In terms of price movement, if the trade is small compared to the liquidity pool, the price will only move a little. If the transaction is a big proportion of the pool, the price movement could be significant. 

As a result of the simplistic pricing formula, the actual price could differ momentarily from prices elsewhere, so arbitrageurs play a critical role in “correcting” the price.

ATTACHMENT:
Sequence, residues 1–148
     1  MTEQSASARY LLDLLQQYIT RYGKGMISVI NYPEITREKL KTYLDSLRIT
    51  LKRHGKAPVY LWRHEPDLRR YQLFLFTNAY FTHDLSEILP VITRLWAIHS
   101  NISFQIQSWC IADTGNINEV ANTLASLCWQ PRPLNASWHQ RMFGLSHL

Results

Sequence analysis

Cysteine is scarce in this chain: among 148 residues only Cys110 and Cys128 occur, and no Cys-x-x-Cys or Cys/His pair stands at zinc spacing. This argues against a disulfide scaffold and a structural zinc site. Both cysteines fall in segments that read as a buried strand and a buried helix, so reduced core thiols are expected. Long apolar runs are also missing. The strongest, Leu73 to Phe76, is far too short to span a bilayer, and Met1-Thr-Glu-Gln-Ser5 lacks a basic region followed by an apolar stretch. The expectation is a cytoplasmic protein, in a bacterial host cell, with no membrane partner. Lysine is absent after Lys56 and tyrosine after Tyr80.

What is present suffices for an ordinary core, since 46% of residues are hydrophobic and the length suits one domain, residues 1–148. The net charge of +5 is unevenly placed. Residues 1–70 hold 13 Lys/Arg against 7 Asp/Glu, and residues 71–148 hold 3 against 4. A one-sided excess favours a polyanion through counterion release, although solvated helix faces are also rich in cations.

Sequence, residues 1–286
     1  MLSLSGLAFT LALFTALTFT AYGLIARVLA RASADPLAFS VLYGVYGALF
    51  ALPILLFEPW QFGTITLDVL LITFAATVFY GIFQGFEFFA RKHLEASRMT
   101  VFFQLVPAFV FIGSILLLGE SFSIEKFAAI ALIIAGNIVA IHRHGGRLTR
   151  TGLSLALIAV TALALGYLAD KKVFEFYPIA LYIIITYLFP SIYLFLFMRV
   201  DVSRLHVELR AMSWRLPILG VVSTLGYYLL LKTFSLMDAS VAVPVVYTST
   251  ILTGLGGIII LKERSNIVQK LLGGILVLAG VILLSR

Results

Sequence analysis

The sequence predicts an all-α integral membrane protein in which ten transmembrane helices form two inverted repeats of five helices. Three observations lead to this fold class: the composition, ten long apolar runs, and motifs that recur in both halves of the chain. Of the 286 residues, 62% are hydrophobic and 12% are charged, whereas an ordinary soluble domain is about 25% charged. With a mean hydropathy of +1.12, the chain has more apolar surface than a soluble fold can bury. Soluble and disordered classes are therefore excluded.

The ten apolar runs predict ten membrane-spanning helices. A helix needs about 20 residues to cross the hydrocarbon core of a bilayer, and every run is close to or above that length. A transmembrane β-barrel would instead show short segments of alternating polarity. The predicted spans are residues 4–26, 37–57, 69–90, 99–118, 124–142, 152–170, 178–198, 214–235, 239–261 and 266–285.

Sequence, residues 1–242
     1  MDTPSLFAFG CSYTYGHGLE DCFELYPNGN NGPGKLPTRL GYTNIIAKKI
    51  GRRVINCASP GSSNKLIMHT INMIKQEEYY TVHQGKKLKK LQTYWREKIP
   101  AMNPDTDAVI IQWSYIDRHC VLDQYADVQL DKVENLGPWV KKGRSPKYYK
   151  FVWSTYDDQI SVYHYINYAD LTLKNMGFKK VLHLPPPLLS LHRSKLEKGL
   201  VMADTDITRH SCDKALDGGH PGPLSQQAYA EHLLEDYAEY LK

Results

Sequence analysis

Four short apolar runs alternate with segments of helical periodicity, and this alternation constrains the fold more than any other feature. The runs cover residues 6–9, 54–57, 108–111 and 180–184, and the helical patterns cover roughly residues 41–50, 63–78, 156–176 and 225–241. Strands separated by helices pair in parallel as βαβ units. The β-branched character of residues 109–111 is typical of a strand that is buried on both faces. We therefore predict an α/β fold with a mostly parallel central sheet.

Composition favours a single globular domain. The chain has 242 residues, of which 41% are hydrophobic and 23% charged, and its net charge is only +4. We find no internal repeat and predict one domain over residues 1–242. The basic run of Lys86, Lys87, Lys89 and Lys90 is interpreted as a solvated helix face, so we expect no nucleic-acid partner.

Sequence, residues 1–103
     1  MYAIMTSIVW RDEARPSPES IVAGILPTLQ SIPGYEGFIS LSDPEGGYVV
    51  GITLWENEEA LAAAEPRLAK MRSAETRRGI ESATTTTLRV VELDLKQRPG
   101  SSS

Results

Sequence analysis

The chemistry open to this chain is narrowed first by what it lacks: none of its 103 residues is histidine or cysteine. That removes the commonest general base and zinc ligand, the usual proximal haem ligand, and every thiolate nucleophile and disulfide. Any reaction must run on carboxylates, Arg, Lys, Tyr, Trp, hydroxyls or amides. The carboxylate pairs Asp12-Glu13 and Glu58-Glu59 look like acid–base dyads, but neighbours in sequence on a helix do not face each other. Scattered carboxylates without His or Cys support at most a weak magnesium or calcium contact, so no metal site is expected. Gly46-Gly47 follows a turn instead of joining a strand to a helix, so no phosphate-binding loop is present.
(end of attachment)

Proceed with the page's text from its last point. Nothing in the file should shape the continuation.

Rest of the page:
So far, we’ve done a high-level overview. This article is part of a series. In the next one, we explore the risks and benefits for each part of the Uniswap ecosystem. But a bit of a spoiler: with a few caveats, it looks reasonable for traders, great for arbitrageurs, and okay for liquidity providers provided there’s no bug in the software code. If there is a bug, liquidity providers risk losing part or all their money with no recourse. And even if it’s good for multiple parties, that doesn’t mean it’s optimal. Nor is it necessarily sustainable.